Here on these pages we have set down information about Frankfurt and also some of the other great cities of Germany that you might well see while visiting.
Frankfurt am Main– is a great city located on the Main River and while Berlin may be the Capital of a united Germany, Frankfurt is undoubtedly the main commercial city where the Frankfurt Stock Exchange is located along with large banks and many other financial businesses. The Stock Exchange (Deutsche Börse) itself dates back to 1585, with banking and finance also dating back to this time too. The famous Rothschild dynasty began its life in Frankfurt in the 1760’s.
Frankfurt, being located more or less in the centre of Germany, it is also a massive transport hub – with a highly efficient International and Domestic Airport (Flughafen) and DB (Deutsche Bahn) train services connecting to all parts of Germany and to other countries in Europe.
The main Tourist Information Office is located at the Frankfurt Main Station (Hauptbahnhof) and there you can buy a 2 day card with discounts to Museums, the Zoo and other places and also a card that allows you to travel free on trams, trains and buses within Frankfurt. There are around 34 Museums and Galleries in Frankfurt, so it is worth heading to the Visitor Centre to pick up brochures on places that may attract your interest.
The airport, Frankfurt Flughafen has trains that will take you the 15 minute or so journey to Frankfurt Main Station (Hauptbahnhof) and if you are planning to travel away from Frankfurt by train, check to see if the train leaves from the Flughafen (airport) or from Frankfurt Main.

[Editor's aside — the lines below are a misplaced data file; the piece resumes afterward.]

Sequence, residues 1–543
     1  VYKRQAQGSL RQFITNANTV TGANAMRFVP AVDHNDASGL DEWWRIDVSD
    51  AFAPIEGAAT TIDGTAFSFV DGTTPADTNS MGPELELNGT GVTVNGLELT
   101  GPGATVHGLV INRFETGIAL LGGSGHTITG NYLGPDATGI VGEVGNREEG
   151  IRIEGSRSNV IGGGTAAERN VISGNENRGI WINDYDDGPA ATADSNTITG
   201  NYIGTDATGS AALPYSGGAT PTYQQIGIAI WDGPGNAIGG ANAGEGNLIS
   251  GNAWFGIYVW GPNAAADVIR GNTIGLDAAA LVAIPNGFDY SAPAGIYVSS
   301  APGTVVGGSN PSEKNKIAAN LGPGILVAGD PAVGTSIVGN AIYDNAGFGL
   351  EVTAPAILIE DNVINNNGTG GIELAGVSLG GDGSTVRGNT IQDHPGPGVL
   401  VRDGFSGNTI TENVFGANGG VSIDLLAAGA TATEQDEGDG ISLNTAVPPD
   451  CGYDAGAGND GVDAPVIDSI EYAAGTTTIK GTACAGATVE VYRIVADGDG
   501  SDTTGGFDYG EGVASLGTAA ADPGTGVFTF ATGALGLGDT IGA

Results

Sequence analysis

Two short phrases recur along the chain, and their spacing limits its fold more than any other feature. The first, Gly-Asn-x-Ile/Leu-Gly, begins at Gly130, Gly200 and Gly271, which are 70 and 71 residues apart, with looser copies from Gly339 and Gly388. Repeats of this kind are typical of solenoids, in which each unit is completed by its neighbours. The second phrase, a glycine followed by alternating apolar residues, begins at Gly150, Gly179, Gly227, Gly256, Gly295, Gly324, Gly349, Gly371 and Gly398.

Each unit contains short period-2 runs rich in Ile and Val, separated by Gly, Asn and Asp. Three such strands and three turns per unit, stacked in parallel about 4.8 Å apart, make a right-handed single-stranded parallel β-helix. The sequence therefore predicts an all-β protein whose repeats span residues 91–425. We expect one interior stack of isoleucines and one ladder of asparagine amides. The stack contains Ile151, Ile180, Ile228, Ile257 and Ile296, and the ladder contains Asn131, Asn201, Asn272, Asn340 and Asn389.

At the stations, you can purchase DB Train tickets, or get some discounts by purchasing a Deutsche Bahn Card. Remember too that your ticket will tell you the Class (First or Second Class), seat number and also the platform number and the location on the Platform where you should stand ready to board your train. In most cases your train will arrive exactly at the time stated on the Monitor Board and/or ticket, and you need to board quickly. Standing at the right position on the platform is important, particularly if you have luggage to carry.
Frankfurt City dates back to at least 794AD and was an important city in the Holy Roman Empire and the city’s old centre (Altstadt) still has that historic feel around the Römerberg square with a number of buildings dating back to the 1400’s and 1500’s, many, including the Frankfurter Dom Cathedral, restored following the British bombing of the City during World War Two. There are also museums and art galleries here too with the Goethe House Museum located at Groβer Hirschgraben 23-25. This was the home of the great German writer/philosopher, Johann Wolfgang von Goethe (1749-1832) who was born in Frankfurt.
The centre of Frankfurt, including the Römerberg Square area and Innerstadt part of the city centre, where the high rise buildings are (sometimes called Mainhatten), is all very walkable, as is the Zeil pedestrian only street which is lined with stylish boutiques and other shops, cafés and restaurants and along the Goethestrasse.